“Automated insulin delivery” is the term we use at Bigfoot to describe how a system uses information about glucose to change the delivery of insulin to assist in reducing hypoglycemia and hyperglycemia, increasing time spent in a healthy, safe, target glucose range. Referred to in the media as an “artificial pancreas,” an automated insulin delivery system is not an implanted device and not a biological cure for diabetes.
Are Bigfoot's solutions the same as the system that Bryan Mazlish created for his family?
Our insulin pump-based investigational system in development at Bigfoot Biomedical is not the system that Bryan Mazlish created for his family. The Mazlish system was a proof-of-concept system that has inspired the work we do today, especially the real world experiences that Bryan’s wife and son have had while living with and wearing their system for over five years.
Has Bigfoot considered concerns about smartphone security and performance?
Security is a top priority of Bigfoot. Our team members have significant experience across consumer technology, enterprise software, and the regulated medical device space, so unlike a traditional medtech company, we are approaching questions of security - as well as concerns about the many ways in which we live and interact with consumer tech devices like smartphones - thoughtfully, working in coordination with FDA to ensure that concerns are addressed through our approach.
Do Bigfoot's solutions include glucagon?
We look forward to the day that the U.S. Food & Drug Administration (FDA) approves glucagon for use in an infusion pump and this option becomes available. Currently, there is no FDA-approved glucagon available for administration via an infusion pump, and there are many unanswered questions around the chronic administration of glucagon, as well as the use of glucagon in a closed loop system. In the meantime, we are maintaining a singular focus on developing a safe, simple, reliable, and accessible insulin-only system, that is available ASAP.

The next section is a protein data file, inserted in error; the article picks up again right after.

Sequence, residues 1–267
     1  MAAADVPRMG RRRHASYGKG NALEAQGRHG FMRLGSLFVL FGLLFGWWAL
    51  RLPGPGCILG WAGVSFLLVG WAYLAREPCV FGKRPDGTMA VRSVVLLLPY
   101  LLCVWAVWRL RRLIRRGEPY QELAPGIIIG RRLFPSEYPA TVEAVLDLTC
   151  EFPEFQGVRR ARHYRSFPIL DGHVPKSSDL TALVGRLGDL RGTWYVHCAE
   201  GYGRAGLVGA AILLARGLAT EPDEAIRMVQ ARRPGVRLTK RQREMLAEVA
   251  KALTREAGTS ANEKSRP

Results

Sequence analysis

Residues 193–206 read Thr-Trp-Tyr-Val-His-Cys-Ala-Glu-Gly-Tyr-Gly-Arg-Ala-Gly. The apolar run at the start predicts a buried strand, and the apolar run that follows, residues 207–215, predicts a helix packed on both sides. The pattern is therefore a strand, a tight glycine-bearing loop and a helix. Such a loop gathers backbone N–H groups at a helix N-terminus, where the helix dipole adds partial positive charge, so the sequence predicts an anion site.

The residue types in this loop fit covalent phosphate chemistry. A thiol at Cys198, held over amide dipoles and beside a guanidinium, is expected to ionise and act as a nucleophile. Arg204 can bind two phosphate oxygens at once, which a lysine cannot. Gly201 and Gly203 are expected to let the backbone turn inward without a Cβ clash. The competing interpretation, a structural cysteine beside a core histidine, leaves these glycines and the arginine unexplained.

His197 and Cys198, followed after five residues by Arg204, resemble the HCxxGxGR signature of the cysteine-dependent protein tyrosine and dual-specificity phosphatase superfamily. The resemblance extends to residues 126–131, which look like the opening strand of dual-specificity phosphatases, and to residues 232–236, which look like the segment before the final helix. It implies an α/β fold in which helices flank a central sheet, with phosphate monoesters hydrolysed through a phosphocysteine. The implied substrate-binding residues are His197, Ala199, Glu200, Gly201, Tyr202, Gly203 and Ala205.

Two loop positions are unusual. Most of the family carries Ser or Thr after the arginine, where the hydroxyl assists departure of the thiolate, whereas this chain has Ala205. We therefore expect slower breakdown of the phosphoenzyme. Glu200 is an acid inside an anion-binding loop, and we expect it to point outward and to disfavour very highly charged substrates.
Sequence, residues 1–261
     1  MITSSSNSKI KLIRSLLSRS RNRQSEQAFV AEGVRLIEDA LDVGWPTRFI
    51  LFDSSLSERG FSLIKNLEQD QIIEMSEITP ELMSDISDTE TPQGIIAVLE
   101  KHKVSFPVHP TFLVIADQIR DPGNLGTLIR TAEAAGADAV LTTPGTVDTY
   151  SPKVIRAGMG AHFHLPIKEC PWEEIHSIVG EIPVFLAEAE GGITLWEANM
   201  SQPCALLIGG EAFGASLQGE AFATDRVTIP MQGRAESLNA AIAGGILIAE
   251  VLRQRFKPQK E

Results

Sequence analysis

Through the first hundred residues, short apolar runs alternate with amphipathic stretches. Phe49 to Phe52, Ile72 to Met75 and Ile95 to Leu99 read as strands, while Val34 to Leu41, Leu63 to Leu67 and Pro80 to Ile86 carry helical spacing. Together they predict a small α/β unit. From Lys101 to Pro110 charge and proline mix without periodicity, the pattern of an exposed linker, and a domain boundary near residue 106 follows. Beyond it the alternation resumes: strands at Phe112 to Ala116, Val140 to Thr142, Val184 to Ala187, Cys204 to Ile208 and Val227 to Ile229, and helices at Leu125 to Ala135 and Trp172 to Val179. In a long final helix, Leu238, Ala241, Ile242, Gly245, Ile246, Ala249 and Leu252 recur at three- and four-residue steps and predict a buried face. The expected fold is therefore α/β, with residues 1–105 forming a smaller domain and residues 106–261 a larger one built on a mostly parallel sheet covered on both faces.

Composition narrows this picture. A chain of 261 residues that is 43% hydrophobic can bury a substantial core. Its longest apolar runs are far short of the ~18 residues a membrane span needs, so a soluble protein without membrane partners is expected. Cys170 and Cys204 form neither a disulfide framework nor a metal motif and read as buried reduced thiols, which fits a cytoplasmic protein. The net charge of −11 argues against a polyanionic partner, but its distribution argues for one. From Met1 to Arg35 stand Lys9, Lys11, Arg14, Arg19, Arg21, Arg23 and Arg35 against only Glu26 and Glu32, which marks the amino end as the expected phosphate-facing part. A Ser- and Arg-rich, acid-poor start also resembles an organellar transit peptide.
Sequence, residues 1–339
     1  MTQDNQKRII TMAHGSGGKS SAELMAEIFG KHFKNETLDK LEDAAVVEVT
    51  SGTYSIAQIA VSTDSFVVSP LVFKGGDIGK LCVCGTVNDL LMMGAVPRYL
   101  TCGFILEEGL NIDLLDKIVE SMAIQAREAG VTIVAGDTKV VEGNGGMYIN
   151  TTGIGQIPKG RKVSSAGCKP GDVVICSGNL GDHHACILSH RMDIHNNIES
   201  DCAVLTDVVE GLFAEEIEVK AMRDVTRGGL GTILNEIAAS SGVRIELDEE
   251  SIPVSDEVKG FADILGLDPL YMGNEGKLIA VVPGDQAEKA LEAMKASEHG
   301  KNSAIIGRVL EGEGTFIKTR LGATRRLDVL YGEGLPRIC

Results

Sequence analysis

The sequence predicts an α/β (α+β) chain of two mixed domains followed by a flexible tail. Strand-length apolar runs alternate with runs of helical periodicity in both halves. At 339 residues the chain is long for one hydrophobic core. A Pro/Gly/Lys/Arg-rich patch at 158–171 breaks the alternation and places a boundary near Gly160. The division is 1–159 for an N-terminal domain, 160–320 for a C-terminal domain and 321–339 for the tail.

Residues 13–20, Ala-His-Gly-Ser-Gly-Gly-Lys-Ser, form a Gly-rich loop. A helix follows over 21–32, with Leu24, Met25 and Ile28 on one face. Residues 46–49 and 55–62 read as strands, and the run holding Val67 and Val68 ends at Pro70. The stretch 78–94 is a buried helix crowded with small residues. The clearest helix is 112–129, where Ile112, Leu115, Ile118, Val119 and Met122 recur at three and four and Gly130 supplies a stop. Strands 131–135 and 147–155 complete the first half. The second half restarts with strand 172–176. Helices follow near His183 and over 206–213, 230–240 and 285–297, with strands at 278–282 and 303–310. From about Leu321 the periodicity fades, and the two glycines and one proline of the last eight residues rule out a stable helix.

Can I order Bigfoot's products? When will they be available?
We’re preparing for a commercial launch of our connected pen system, anticipated for 2020, as well as a pivotal trial in the US of our automated system. After the completion of our pivotal trial, we’ll be in a position to submit our solutions to FDA for approval, and pending their review and approval, we will celebrate the commercial launch of that system.
While we regret we can’t be an option for you now, our service model is being designed with the intent to make it fairly painless to transition to begin using our products and services, as Bigfoot's vision is to deliver our solutions as a monthly subscription with a single co-pay rather than the traditional model of a large upfront purchase.
I live outside the U.S. Will Bigfoot's solutions be available in my country?
While our initial launch is planned for the U.S., we have plans to bring Bigfoot's solutions to countries outside the United States. A timeline for these countries has not yet been announced.
Will my health insurance cover Bigfoot's solutions?
One of the founding goals of Bigfoot Biomedical was to design comprehensive solutions that would be cost-effective for patients, healthcare providers, and insurance payers. Until we have FDA approval to market our products, it is too early to predict which payers will support Bigfoot's solutions. You can rest assured, however, that we are striving for broad coverage for all our solutions.
Can I participate in your clinical trials?
We have selected, and will continue to carefully select, some of the finest clinical trial investigators and research sites in the world. We leave participant recruitment and selection entirely in the hands of these outstanding investigators and research sites. If you would like to find out more about participating in a clinical trial, please visit clinicaltrials.gov to find trials for which you or your family member might be eligible. You can also make sure that centers near you that do this kind of research have your contact information in the event that they're selected for our trials.
Do you offer tours of Bigfoot’s lair?
At this time, we do not offer tours of Bigfoot Biomedical’s headquarters. While the work we do is exciting and life-changing, watching us do it is considerably less so.
What does Bigfoot do with my personal data?